Farewell, Chancellor Greg Dyke

“It’s time to let someone else get on with it”: Jack Richardson interviews outgoing University Chancellor Greg Dyke

“When I look over the various jobs I’ve had over my life, being Chancellor has definitely been one of the better ones,” Greg Dyke tells me.

He certainly has a number to choose from. One-time Director General of the BBC and current head of both the British Film Institute and the Football Association, Dyke has proven himself extraordinarily versatile since graduating from York himself in the early 70s.

When asked to return to his alma mater in the wake of his sudden departure from the BBC, he confesses that he didn’t quite know what to expect. “You don’t really know what the job is when you’re outside. Looking back, I’ve seen it as a job that involves a lot of public relations. You are not an executive of the university and you don’t make executive decisions.”

Dyke seems to feel that a new Chancellor, himself included, might be inclined to feel more pressure than there actually is. “So much is ceremonial,” he says, “that you shouldn’t panic when you get it wrong. You’ll inevitably stand up in the wrong place or say the wrong something at the wrong time, but if you get it wrong slowly you can get away with it!”

Greg Dyke was Director-General of the BBC from 2000 until 2004. (Image Credit: Amanda Slater via Flickr)

Eleven years is a long time, and Dyke’s various roles, ceremonial or otherwise, have pulled him in different directions. Thankfully, Dyke has few regrets: “When I first started, I went round and met all the departments, to really try to understand what goes on. I haven’t been able to do so of late because I’ve been so busy – but I think that understanding the research and work that goes on in the University is really important.”

Change also can lead to disruption as agendas clash. The low point of Dyke’s tenure, if there was one, was a nationwide issue: “I was one of the few people at the University who was opposed to the changing in tuition fees to £9,000 per year. I didn’t like the idea of students leaving university with enormous debts. I don’t think that’s the way you should be starting life.”

Greg would prefer a graduate tax system, to be paid by older generations as well as recent graduates. “It was all very well for one generation to go through university for free, and then when lots of people wanted to go, suddenly you’ve got to pay large sums of money. It made me very nervous that lots of people from poorer backgrounds wouldn’t come to university, but there doesn’t appear to be any evidence of that as yet.”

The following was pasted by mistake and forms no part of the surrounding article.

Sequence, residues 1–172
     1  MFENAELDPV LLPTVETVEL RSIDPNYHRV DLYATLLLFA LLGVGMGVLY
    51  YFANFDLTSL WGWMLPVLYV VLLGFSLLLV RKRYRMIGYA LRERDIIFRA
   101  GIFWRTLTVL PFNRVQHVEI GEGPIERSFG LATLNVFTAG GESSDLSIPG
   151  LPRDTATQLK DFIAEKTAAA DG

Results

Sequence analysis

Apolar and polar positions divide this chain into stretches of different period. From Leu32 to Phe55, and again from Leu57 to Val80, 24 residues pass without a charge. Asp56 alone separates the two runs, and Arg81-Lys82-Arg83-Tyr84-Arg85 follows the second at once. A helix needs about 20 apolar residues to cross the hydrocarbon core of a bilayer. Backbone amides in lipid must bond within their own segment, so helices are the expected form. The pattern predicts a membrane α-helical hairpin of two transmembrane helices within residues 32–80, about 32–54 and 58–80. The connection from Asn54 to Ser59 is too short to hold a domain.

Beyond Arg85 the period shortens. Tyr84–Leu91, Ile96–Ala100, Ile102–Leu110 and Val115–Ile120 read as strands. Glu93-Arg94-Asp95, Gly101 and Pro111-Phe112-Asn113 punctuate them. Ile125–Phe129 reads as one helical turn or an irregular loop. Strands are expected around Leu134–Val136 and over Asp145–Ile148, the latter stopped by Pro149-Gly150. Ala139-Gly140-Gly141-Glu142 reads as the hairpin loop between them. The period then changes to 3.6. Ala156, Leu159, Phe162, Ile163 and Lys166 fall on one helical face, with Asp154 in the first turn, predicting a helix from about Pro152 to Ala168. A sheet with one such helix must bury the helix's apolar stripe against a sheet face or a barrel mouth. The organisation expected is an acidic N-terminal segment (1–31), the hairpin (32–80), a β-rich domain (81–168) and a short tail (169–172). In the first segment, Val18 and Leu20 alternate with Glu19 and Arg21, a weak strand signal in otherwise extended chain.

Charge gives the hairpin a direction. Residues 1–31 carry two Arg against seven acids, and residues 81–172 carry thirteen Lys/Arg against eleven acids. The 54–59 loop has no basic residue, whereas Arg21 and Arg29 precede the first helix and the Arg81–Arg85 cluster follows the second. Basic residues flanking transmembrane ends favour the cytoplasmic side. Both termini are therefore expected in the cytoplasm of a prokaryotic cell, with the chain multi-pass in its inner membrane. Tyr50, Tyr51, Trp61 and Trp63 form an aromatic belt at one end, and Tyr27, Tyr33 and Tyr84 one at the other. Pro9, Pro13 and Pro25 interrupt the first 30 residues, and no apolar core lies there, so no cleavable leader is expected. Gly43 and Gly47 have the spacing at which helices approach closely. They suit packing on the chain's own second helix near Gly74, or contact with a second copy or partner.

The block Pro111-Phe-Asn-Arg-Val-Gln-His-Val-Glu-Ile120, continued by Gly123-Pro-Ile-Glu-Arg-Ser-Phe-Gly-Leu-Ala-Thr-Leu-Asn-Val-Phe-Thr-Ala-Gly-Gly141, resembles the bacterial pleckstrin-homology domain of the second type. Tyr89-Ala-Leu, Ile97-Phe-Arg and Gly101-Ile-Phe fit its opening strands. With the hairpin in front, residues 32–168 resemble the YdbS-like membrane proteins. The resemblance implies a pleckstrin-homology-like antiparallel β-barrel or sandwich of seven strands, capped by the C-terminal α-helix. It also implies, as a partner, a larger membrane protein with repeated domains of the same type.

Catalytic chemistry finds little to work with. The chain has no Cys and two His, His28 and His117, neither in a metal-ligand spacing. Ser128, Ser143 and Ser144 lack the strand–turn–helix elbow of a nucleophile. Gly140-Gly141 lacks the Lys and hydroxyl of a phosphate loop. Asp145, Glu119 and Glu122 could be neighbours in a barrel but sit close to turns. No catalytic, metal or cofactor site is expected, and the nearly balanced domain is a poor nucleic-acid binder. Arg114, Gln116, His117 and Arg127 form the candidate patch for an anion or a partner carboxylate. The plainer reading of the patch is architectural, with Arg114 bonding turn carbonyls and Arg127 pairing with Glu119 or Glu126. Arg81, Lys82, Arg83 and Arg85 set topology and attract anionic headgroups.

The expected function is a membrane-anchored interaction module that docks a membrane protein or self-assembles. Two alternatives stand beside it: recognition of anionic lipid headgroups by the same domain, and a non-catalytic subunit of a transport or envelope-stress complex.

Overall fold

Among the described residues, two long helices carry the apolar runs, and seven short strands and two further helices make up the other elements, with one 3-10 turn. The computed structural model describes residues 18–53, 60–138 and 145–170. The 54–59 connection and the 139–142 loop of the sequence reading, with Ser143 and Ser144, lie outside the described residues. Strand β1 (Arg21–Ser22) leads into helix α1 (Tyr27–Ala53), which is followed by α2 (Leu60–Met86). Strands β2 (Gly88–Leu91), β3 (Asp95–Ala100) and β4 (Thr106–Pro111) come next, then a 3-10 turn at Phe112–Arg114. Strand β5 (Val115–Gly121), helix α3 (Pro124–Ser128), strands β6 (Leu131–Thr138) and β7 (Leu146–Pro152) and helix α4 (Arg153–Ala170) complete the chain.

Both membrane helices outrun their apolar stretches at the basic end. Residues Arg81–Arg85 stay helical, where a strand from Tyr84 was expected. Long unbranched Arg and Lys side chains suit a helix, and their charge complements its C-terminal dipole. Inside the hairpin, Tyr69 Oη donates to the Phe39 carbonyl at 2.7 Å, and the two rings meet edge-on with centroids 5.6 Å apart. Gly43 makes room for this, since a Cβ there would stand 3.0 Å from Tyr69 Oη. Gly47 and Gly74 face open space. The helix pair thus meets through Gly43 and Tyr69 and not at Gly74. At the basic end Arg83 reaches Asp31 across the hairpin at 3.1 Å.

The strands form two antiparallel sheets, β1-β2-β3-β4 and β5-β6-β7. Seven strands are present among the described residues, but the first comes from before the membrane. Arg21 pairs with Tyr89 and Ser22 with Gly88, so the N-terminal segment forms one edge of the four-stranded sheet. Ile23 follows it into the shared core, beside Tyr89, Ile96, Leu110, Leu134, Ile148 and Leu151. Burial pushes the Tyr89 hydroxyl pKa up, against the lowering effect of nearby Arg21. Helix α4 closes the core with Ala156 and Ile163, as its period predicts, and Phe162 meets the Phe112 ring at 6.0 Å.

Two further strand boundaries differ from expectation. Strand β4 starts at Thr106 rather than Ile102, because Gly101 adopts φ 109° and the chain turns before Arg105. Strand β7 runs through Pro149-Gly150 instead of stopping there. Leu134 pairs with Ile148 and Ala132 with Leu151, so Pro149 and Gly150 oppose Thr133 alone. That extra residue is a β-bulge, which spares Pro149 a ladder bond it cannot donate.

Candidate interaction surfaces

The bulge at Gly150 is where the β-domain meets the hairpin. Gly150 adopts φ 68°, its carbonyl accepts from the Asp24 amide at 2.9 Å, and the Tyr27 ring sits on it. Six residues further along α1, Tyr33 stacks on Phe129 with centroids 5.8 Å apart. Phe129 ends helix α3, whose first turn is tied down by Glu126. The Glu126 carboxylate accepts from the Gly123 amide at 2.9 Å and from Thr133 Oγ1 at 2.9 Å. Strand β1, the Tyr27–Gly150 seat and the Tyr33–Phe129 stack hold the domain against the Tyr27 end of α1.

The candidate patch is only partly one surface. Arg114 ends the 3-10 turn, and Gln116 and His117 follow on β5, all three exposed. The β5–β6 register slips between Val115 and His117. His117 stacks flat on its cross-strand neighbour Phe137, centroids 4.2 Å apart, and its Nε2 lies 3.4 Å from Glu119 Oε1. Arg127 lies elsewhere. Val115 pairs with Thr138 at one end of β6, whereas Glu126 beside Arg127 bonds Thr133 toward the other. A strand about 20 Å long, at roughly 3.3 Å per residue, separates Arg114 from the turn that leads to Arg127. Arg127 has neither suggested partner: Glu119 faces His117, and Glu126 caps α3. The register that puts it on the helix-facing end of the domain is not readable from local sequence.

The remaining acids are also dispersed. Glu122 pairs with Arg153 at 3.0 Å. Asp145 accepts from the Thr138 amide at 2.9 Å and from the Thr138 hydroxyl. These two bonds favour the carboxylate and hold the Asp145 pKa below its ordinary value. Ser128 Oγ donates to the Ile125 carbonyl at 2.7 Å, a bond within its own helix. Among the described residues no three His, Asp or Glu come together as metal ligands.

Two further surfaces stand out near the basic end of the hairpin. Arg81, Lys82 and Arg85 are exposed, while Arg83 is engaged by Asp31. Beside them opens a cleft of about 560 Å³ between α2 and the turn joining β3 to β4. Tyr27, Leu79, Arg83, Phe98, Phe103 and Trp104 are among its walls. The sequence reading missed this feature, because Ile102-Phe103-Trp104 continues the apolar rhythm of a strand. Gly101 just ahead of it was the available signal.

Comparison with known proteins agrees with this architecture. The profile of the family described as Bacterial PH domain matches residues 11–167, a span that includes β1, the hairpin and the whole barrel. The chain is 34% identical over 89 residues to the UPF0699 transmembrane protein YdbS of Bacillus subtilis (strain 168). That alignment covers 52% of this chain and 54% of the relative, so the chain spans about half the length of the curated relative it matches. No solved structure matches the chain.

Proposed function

He recalls when he visited students participating in sit-ins, where “they seemed a bit surprised that I was on their side.” It was, admittedly, far from a given that he would be opposed to the measure, as “the change was great for the universities as it meant they didn’t have to suffer the cuts that other public sector organisations did at the time. But I don’t think that this justifies it.”

Student protests in Parliament Square, London 2010 (Image Credit: Bob Bob via Flickr)
Student protests in Parliament Square, London 2010 (Image Credit: Bob Bob via Flickr)

Fond memories outnumber the bad, however: “I remember going around Heslington East with Brian Cantor (Vice-Chancellor 2002-2013) when it was still agricultural field, and then when the first college had just been finished. You look at how much has been achieved there in less than a decade and it’s remarkable,” he says.

“The best part of the job is being able to stay so close to students. Most of them are in their late teens or early twenties, and as you get older you realise not only that it’s a wonderful period of your life but also that it’s great to stay around people like that. It’s a very rewarding experience to meet, talk to and understand students and what they do and what matters to them. I feel very privileged to have done it.”

Dyke was originally asked to spend just five years in the position. This turned into another five years, and then one last year to see in the new Vice-Chancellor, Koen Lamberts. “I said I didn’t want to do any longer than that,” he says, not because he didn’t enjoy the job, but because “people in those sorts of jobs should change. You don’t want one person in it for too long.”

It isn’t the only reason, though: “standing up for long periods and shaking hands gets to your knees after a while.”

(Image Credit: Diane Griffiths via Flickr)
(Image Credit: Diane Griffiths via Flickr)

As well a stepping down from Chancellor, he has plans for his other posts too: “Bit by bit I’ll stop doing them all. I stop at the BFI in January and I’ll stop at the FA in a couple of years. I’ll still have businesses of my own, but really I’m planning to spend a bit more time relaxing and doing something different. I’ll stay in contact with York and the University, but,” he adds, “once you’re gone as a Chancellor, you’re gone. It’s time to let someone else get on with it.”

Having seen so many students come and go, Dyke has always offered the same advice to outgoing students at their graduations ceremonies: “Don’t worry about what comes next, just live it while you’re there.” If this advice is the secret to a career as busy and successful as Greg Dyke’s, we would all do well to follow it.